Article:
The Burrard Street Bridge cycling experiment that gets underway two weeks from today is raising hopes for a bike-friendlier future in Metro Vancouver. The expectation is that allocating more space for bikes on the busy crossing will encourage more commuters to swap their car keys for a two-wheeler.
But far from a breakthrough, this bold initiative is more likely to be a bust. Here’s why.
By taking over space previously reserved for automobiles and pedestrians, the summer trial runs the risk of alienating two traditional allies of the cycling community: Bus riders and walkers.
It’s true that transit vehicles will have “priority access,” but that doesn’t mean they will be any less impacted by congestion on the bridge deck. And you can bet that some pedestrians will be bothered about being kicked off their sidewalk on the crossing’s east side.
Some drivers will also be annoyed — but that’s already a given. As a cyclist who will be using the new lane en route to the office, I look forward to their middle finger salutes.
But I fear the wider fallout — and potential backlash — from a general public that is peeved about special treatment for cyclists.
I’ve been two-wheeling over this bridge for years, and I can say it’s the least dangerous part of my commute. The real threat is the road rage and driver stupidity that takes place off of it.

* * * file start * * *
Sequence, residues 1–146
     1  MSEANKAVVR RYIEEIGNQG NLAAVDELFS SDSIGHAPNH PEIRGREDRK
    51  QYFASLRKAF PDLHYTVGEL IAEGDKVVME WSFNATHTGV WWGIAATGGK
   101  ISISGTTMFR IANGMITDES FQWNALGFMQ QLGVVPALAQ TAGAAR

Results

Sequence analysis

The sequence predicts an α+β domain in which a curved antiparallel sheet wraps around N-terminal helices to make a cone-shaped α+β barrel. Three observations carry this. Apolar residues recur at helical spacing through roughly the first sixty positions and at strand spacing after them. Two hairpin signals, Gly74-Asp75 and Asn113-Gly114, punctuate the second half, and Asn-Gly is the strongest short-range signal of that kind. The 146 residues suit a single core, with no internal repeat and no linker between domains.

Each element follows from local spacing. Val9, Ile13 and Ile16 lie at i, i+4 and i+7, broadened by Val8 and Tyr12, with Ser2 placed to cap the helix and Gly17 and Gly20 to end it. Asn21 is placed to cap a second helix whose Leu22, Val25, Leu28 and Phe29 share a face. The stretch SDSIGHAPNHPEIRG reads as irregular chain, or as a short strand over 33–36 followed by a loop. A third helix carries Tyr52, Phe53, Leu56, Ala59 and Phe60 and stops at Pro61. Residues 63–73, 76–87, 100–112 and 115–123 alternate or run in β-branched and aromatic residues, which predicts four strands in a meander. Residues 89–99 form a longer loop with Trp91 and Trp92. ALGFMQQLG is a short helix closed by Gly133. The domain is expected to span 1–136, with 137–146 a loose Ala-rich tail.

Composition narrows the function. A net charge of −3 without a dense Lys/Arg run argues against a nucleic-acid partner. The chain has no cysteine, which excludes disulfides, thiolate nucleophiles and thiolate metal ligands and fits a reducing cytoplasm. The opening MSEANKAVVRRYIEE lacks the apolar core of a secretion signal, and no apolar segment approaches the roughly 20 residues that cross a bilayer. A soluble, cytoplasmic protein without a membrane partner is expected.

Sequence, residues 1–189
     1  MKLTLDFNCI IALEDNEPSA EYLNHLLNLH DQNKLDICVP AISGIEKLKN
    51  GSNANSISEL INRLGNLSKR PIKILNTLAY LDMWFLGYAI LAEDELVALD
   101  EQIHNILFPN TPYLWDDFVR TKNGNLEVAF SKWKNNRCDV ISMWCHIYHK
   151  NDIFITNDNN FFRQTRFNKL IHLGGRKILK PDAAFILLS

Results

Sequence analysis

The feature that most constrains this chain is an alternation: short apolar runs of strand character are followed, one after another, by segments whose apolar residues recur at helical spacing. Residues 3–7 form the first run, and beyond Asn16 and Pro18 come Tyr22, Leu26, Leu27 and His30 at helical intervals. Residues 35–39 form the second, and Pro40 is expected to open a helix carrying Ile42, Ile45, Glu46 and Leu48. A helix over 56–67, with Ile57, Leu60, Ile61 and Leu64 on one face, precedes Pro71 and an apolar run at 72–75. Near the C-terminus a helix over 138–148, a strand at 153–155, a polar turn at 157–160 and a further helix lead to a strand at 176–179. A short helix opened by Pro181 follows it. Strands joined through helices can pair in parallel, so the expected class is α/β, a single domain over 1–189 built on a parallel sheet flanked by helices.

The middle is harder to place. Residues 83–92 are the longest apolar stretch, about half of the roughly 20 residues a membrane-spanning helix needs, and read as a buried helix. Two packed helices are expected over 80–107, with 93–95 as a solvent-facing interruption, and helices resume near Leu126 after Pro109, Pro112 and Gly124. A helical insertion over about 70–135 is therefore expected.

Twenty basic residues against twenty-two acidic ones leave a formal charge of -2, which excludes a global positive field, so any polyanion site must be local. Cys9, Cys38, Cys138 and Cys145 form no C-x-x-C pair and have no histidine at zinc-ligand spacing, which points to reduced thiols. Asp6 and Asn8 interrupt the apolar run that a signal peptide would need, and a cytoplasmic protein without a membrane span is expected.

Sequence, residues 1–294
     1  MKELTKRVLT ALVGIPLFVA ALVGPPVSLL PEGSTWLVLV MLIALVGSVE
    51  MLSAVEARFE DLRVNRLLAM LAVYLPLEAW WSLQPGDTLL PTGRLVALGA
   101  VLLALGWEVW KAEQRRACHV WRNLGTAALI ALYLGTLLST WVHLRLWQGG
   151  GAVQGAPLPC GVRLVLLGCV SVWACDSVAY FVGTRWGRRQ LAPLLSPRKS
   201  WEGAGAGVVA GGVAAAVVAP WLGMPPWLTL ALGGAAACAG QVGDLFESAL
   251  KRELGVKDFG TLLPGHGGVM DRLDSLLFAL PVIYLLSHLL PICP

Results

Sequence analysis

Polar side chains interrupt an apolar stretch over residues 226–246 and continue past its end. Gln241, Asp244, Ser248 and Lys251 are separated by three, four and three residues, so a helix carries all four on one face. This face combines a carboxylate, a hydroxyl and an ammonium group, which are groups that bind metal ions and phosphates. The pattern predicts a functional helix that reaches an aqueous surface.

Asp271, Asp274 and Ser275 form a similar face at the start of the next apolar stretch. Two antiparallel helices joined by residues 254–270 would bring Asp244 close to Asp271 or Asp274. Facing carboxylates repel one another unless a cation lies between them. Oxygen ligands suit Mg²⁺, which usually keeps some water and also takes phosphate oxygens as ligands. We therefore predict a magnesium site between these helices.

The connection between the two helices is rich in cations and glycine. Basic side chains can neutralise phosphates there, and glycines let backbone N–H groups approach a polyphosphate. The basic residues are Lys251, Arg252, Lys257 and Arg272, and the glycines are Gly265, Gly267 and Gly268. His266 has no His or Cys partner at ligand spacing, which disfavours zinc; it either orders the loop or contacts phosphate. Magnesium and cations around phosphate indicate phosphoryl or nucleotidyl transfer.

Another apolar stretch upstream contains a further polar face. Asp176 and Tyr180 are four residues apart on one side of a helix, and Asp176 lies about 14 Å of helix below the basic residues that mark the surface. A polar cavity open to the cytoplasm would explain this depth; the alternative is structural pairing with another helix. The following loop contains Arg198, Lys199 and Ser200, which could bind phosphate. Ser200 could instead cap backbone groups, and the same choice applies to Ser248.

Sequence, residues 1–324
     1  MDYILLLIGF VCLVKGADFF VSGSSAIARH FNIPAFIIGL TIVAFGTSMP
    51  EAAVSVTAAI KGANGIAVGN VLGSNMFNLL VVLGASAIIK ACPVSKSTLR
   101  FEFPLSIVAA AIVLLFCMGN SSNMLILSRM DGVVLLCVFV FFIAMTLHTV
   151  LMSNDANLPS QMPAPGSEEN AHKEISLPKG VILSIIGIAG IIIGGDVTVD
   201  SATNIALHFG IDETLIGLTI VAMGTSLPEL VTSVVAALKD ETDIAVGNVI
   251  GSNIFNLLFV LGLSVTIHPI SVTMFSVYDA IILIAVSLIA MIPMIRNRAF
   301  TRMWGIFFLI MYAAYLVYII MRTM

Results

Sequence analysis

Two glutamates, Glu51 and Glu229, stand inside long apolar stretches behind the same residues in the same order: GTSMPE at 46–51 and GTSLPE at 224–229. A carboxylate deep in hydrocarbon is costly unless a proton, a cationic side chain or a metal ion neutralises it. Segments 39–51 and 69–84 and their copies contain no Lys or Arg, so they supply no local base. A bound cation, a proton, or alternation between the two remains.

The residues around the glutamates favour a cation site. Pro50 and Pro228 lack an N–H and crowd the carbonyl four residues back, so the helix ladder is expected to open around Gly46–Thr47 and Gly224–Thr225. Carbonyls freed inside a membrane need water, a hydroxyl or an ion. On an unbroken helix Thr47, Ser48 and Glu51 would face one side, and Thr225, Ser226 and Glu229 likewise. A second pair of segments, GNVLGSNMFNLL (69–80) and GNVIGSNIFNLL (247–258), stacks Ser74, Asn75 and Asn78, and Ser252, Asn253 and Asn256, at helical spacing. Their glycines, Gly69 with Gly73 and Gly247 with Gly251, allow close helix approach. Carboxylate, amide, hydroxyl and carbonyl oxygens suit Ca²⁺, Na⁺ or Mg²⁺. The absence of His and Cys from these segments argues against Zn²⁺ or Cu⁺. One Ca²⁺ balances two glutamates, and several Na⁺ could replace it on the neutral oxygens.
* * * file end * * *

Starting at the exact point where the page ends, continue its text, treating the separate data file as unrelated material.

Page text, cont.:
Many riders would agree, even if the vocal cycling lobby does not.
Earlier this year, a Burrard bike lanes advocate asked me if I would allow my children to cycle on the bridge, given the cited safety concerns. My response: No chance — but I wouldn’t let them ride in the majority of downtown bike routes either.
Another argument being put forth is that the bridge status quo represents a liability issue for the city. Which begs the question: Is every other designated bike route with safety concerns also a litigation fiasco in waiting?
The sad truth is city hall missed its chance to provide cyclists with a far superior means to get across False Creek: A cyclist- and pedestrian-only passerelle.
But given the state of the city’s finances in 2009, this much pricier option is almost certainly a non-starter.
What we’re stuck with instead is, at best, a transportation non-event, and, at worst, a public relations black eye for the cycling community at large.